The real difficulty here is, of course, that for most people the decision on this point will depend on the extent to which the impossibility of rational calculation would lead to a reduction of output in a centrally directed economy compared with that of a competitive system. Although in the opinion of the present writer it seems that careful study can leave no doubt about the enormous magnitude of that difference, it must be admitted that there is no simple way to prove how great that difference would be. The answer here cannot be derived from general considerations but will have to be based on a careful comparative study of the working of the two alternative systems and presupposes a much greater knowledge of the problems involved than can possibly be acquired in any other way but by a systematic study of economics.


As you can see, the italicized text has been expanded. There are italicized parts that were previously plain. This is true with bold too, whether superimposed or enforced through a style.
In its unmodified form, the macro selects any punctuation mark, preceded or not preceded by white space, and changes the selection into the punctuation mark alone. Changing line 11 into this:
Code:
Find and Replace ‘\s+([,.;:\!\?])‘, ‘\1’, ‘aE’

the macro works OK. So \s* seems to be the culprit.

Best regards, Henry.


2012-09-04 02:45:57
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Joined: 2002-07-11 17:14:10
Posts: 4251
Location: San Diego, CA
Hi Henry- from what you describe that sounds like a bug, but I haven't been able to reproduce it. I'm thinking that could have something to do with the formatting in your actual document, as compared to the formatting I get when I copy-paste content from Safari. Would you be able to post your sample text snippet as a NWP document? Or you could send it to me via the menu Help > Send Feedback if you prefer.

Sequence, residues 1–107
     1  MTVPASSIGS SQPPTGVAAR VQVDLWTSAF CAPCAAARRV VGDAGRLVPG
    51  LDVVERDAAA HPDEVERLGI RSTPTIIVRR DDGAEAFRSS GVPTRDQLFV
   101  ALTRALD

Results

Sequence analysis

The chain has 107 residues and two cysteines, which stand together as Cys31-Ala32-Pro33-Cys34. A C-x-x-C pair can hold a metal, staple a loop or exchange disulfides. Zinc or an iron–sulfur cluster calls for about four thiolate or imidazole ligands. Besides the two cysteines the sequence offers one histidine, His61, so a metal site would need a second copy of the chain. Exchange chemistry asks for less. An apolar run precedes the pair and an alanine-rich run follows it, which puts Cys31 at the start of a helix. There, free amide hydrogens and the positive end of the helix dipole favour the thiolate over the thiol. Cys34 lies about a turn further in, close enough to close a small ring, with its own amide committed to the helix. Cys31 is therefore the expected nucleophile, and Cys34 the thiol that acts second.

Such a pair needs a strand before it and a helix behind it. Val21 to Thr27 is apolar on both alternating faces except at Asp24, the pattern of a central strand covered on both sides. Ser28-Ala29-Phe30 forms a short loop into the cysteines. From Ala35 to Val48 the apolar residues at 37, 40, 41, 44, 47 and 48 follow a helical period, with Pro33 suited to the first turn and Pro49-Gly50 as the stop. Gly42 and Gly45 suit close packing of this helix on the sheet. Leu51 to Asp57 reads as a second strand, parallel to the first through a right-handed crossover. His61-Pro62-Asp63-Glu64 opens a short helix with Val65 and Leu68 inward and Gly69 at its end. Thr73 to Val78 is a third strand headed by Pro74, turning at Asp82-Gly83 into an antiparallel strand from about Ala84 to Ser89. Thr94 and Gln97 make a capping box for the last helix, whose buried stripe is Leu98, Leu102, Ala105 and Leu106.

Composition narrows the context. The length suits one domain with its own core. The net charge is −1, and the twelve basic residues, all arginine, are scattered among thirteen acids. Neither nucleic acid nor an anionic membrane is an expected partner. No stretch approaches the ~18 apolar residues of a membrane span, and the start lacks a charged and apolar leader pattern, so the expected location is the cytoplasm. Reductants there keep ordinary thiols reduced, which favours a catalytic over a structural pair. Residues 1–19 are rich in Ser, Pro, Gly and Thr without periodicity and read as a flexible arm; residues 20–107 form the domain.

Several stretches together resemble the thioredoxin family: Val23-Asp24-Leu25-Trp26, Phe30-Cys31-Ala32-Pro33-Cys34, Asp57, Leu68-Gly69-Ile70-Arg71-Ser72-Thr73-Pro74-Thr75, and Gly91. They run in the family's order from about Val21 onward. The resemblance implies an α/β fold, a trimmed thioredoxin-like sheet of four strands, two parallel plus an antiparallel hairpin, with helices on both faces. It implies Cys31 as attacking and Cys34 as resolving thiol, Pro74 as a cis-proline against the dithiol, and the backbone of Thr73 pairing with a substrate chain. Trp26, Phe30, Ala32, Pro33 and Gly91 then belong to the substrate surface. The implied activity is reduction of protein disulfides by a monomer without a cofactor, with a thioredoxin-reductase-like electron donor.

Thanks for your help!


2012-09-04 23:15:29
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Joined: 2007-03-03 09:55:06
Posts: 494
Location: Europe
Here it is, along with the original NWP macro. I ran the macro on it minutes ago and the result is always the same.

Note that, though I use a modified version of the macro, I left line 11 quite intact. I only substituted \s+ for \s* when I realized it was causing the glitch. Also, \s* uselessly forces the macro to search for a punctuation mark preceded or not preceded by white space. \s+ works OK.

Greetings, Henry.

Attachment:
Archive.zip [6.75 KiB]
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2012-09-05 00:02:52
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Joined: 2002-07-11 17:14:10
Posts: 4251
Location: San Diego, CA
Thank you for the sample file Henry- with it I've been able to reproduce the unwanted spreading of formatting. This is definitely some kind of bug in the find/replace command, and we'll take a look at getting it fixed. Thanks again.


2012-09-05 12:54:59
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Joined: 2007-03-03 09:55:06
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Location: Europe
Thank you

Henry.


2012-09-05 23:03:38